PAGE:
For those wanting to learn more about polygamy and the FLDS, Bramham also recommends Escape and Triumph: Life After the Cult — A Survivor's Lesson by Carolyn Jessop, who escaped the FLDS community in the U.S. Bramham also recommends Under the Banner of Heaven by Jon Krakauer, the first book she ever read on the subject.

When it comes to working to address the problem, Bramham suggests people should talk to their politicians.

"People need to ask the policy-makers to ensure that we respect the rights of women and children, that we make sure that children get the best education possible, that they can fulfill their highest potential, that we protect women from abusive situations and that when we fail in those protections and when they need services, that we provide those services for them," she said.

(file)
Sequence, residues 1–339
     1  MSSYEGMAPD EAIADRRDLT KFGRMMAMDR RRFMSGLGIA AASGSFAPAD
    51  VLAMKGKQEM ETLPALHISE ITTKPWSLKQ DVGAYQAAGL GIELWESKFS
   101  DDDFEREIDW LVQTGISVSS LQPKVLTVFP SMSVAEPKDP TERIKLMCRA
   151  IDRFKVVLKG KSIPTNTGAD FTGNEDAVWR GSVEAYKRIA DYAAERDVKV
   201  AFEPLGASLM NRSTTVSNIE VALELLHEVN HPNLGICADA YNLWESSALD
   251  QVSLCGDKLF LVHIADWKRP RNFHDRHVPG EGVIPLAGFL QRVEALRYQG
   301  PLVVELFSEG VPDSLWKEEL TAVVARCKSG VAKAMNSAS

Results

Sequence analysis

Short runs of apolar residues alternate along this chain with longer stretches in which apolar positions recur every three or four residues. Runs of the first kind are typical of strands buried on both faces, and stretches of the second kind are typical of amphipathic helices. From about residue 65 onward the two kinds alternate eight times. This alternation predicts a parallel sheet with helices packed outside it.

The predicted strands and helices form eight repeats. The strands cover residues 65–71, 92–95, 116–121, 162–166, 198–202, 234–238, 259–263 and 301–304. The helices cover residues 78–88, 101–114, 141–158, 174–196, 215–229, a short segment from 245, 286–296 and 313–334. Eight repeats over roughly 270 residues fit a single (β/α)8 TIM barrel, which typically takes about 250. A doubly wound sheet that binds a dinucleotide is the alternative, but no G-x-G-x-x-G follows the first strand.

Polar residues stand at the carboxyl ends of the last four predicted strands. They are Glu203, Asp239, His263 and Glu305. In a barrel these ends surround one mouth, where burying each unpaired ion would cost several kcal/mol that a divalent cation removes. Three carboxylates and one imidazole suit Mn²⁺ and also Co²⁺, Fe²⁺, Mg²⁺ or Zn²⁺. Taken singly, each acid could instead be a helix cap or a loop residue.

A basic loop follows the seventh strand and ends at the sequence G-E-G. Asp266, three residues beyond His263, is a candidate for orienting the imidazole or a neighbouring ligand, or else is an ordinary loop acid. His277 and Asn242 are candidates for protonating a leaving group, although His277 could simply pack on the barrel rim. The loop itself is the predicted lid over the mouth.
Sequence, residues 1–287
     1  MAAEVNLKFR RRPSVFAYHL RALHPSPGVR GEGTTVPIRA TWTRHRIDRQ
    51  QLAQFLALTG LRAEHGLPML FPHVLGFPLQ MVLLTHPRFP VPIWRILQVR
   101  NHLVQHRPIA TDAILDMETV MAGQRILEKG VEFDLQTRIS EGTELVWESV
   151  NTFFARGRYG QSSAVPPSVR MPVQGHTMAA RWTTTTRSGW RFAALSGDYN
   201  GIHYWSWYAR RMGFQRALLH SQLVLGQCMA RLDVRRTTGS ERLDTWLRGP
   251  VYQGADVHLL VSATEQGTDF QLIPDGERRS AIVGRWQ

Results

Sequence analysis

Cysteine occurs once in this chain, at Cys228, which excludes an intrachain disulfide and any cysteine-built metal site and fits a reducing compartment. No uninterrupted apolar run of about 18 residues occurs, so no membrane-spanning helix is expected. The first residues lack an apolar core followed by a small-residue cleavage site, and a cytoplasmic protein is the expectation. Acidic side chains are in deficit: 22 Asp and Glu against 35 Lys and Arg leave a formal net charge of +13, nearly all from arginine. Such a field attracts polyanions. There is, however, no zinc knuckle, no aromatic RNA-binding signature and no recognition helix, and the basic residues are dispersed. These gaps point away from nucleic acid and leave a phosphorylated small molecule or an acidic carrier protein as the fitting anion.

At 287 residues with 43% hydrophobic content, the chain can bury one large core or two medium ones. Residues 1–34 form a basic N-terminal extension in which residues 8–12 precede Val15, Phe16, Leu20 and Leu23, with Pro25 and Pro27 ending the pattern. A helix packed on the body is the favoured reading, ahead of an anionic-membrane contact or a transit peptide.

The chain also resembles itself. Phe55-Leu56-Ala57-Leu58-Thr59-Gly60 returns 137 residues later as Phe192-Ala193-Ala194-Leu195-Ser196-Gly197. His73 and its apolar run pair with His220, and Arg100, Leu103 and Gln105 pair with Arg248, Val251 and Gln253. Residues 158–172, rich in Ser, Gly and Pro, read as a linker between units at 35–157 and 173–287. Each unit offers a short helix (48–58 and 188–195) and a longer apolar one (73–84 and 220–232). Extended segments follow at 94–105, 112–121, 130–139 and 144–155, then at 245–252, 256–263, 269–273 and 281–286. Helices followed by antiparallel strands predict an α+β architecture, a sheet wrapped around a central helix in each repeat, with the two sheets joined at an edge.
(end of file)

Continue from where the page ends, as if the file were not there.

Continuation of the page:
Bramham pointed out that it's not just women and children from Bountiful who need that protection, but said that the situation there is unique. She compared those who leave or who are forced out of the community to refugees: they often have little education, no references for housing or employment and no support system. They have also been taught to believe that people on the outside are not to be trusted.

Bramham also recommends that people seek out those who have left Bountiful to hear them tell their own stories.